In the 1940’s Tennessee Williams lived in New Orleans near a street called Royal. Up and down this avenue, running on the same track, were two streetcars: one named Desire, the other Cemetery. This struck Williams’ poetic, symbolically-prone mind as having a special significance.
An out of work schoolteacher named Blanche DuBois (Deborah Bowman) has made her way to the French Quarter of New Orleans (the Serenbe version downplays the specific city, indicating the play could be set anywhere) to seek shelter with her only living relative, her sister Stella (Anne Marie Gideon), who is married to a rough-hewn factory worker named Stanley Kowalski (Matthew Davis).
Blanche and Stella grew up in a fine old home in Mississippi called Belle Reeve (“beautiful dream”). Blanche cannot understand how Stella can be satisfied in a so-so apartment (“What are you doing in a place like this?”); but especially she can’t conceive how she can live with Stanley, whom Blanche calls “common” and “bestial,” and comments that no part of a gentleman is in his nature.
As for Stanley, he takes an instant dislike to Blanche (he perceives her disdain of him), especially when he learns Belle Reeve has been lost. He’s quite sure she’s made off with the money from Belle Reeve; he observes Blanche’s nice clothes and furs and jewelry and says to Stella, “Here’s your plantation, or what was left of it, here!” Stella says he’s being ridiculous.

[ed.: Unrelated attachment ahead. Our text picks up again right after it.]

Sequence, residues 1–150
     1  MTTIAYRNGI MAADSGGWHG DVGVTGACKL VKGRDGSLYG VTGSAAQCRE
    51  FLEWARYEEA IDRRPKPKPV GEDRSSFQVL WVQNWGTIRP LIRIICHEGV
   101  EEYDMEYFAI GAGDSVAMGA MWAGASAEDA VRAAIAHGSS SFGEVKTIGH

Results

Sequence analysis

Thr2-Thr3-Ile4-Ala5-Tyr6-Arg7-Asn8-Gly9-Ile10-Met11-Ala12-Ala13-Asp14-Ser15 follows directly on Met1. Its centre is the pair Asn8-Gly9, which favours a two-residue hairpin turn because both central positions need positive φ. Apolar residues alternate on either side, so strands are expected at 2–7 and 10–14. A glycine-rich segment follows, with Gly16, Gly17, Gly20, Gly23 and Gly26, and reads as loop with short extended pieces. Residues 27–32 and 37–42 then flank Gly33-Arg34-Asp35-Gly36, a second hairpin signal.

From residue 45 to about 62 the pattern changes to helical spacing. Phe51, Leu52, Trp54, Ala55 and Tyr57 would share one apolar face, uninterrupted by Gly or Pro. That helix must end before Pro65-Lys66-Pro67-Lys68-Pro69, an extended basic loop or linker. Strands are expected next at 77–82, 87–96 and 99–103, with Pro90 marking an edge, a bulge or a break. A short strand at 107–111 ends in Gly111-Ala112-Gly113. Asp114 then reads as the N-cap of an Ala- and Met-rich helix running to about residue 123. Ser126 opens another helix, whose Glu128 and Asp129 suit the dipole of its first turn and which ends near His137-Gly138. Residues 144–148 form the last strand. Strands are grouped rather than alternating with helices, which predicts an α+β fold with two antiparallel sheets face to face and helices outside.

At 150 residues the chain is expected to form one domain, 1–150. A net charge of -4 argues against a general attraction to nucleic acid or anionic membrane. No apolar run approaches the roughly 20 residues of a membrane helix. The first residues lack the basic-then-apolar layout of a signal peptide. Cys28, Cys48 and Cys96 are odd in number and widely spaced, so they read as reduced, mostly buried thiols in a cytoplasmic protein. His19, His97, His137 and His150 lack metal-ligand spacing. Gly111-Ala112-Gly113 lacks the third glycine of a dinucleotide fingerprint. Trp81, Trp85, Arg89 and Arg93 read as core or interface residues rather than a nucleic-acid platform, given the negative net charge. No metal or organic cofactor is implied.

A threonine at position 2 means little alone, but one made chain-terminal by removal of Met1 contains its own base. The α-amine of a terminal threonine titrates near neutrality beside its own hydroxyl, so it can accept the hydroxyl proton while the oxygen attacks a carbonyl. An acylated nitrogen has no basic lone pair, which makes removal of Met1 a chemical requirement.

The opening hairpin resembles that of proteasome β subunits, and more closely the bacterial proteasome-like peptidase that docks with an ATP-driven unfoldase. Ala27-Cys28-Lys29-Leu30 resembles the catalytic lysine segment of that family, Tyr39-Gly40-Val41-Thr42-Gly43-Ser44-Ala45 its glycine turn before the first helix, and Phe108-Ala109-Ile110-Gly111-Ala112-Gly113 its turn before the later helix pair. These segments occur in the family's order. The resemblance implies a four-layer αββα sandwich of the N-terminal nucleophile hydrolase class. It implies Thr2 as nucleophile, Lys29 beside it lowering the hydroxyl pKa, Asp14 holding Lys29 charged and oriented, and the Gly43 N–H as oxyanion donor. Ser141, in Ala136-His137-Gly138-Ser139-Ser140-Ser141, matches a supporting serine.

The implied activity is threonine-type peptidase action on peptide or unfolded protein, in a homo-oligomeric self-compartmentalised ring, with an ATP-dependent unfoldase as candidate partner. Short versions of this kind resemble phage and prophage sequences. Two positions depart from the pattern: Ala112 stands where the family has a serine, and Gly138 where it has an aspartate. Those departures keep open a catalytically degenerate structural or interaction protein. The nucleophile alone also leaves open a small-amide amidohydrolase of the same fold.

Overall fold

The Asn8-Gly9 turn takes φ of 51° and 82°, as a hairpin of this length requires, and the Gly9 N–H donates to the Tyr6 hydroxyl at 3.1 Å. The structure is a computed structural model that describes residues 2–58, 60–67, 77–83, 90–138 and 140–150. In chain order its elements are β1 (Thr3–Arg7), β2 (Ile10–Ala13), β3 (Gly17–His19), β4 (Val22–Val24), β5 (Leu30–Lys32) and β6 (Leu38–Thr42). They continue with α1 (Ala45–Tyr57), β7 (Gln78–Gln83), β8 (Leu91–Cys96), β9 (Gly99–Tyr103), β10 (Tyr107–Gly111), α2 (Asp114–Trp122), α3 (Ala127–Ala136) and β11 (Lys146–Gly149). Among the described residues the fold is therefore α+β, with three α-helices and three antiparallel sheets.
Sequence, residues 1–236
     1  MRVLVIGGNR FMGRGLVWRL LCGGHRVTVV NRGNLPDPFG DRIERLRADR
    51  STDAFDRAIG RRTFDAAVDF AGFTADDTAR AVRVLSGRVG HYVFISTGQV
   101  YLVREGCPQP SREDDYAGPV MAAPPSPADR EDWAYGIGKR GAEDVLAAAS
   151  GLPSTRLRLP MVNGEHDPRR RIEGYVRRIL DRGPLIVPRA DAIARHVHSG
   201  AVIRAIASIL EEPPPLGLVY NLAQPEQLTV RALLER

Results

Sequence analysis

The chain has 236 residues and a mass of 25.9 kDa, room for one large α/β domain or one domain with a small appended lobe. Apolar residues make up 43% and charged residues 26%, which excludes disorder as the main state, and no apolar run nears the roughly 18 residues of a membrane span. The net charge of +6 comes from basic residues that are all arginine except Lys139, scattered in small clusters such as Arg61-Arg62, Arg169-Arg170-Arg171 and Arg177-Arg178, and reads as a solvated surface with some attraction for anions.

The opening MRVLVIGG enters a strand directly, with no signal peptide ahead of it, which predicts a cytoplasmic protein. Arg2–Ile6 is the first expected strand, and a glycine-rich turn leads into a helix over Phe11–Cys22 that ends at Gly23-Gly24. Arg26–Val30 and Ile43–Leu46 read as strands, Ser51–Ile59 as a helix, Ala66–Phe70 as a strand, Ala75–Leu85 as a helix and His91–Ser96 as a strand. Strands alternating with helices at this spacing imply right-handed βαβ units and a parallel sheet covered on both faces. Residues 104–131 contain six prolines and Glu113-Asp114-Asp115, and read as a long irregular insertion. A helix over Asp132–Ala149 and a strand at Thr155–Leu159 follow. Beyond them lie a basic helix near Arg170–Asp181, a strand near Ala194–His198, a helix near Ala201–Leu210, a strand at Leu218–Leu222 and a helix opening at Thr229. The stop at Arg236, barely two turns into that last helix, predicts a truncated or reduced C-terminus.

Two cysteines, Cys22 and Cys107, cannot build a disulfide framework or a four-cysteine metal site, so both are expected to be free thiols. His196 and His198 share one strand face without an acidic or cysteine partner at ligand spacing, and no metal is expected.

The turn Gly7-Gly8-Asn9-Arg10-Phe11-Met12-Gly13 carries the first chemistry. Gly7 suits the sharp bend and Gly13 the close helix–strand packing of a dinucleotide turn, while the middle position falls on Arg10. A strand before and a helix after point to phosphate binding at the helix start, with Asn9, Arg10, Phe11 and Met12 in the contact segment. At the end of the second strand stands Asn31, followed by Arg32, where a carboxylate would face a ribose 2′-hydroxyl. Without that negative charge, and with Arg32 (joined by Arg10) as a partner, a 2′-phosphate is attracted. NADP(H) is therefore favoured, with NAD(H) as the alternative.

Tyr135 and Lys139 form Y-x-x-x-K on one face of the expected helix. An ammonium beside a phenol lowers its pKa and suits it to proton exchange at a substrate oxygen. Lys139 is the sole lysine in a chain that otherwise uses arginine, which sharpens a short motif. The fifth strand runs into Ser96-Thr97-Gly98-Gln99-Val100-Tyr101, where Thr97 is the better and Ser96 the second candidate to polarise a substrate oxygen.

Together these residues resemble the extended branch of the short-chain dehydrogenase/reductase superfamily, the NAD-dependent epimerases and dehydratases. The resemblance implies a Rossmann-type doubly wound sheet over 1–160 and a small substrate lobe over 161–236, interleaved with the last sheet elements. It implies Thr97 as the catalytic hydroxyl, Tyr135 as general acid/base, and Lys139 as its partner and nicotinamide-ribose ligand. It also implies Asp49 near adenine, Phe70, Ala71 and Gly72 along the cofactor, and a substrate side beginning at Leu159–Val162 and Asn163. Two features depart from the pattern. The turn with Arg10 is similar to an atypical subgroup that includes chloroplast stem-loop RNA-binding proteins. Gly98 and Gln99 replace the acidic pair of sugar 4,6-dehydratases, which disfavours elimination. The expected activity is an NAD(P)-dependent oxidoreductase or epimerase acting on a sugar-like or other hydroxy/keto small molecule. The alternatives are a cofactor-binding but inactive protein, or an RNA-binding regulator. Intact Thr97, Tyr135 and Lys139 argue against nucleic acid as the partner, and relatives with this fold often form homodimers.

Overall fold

There’s a ray of hope for Blanche, for a time, and it’s Mitch (very well played by Daniel Parvis). Mitch, who works with Stanley, has the gentlemanly qualities that Blanche is seeking, and he seems to understand her predicament, at least in part.
I must commend all the actors for tackling this towering masterpiece of a play, which has the most incredible dialogue: the diction is a masterpiece of simplicity and clarity yet raised magically to a poetic, lyrical level. It simply becomes hypnotic. Its effect on an audience is stunning; much of the evening you could hear a pin drop. This is tribute to Williams’ genius, of course, but also the professionalism and concentration of these actors.